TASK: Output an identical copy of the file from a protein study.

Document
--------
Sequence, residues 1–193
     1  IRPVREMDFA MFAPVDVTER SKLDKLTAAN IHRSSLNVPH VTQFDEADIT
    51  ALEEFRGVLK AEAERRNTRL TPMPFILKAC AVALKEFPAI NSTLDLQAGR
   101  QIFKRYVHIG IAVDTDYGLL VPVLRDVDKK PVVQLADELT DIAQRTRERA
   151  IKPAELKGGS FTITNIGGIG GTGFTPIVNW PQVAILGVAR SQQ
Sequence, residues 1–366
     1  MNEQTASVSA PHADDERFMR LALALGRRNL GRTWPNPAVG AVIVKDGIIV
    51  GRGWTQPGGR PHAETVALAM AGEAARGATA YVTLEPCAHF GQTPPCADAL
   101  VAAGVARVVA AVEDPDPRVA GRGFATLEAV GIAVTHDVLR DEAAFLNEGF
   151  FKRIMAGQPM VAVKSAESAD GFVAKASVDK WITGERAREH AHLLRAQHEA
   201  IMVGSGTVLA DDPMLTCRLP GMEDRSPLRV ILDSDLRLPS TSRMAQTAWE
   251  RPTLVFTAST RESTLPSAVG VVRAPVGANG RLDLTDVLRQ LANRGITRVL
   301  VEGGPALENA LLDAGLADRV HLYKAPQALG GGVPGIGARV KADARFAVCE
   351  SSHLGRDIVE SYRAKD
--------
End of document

Sequence, residues 1–193
     1  IRPVREMDFA MFAPVDVTER SKLDKLTAAN IHRSSLNVPH VTQFDEADIT
    51  ALEEFRGVLK AEAERRNTRL TPMPFILKAC AVALKEFPAI NSTLDLQAGR
   101  QIFKRYVHIG IAVDTDYGLL VPVLRDVDKK PVVQLADELT DIAQRTRERA
   151  IKPAELKGGS FTITNIGGIG GTGFTPIVNW PQVAILGVAR SQQ
Sequence, residues 1–366
     1  MNEQTASVSA PHADDERFMR LALALGRRNL GRTWPNPAVG AVIVKDGIIV
    51  GRGWTQPGGR PHAETVALAM AGEAARGATA YVTLEPCAHF GQTPPCADAL
   101  VAAGVARVVA AVEDPDPRVA GRGFATLEAV GIAVTHDVLR DEAAFLNEGF
   151  FKRIMAGQPM VAVKSAESAD GFVAKASVDK WITGERAREH AHLLRAQHEA
   201  IMVGSGTVLA DDPMLTCRLP GMEDRSPLRV ILDSDLRLPS TSRMAQTAWE
   251  RPTLVFTAST RESTLPSAVG VVRAPVGANG RLDLTDVLRQ LANRGITRVL
   301  VEGGPALENA LLDAGLADRV HLYKAPQALG GGVPGIGARV KADARFAVCE
   351  SSHLGRDIVE SYRAKD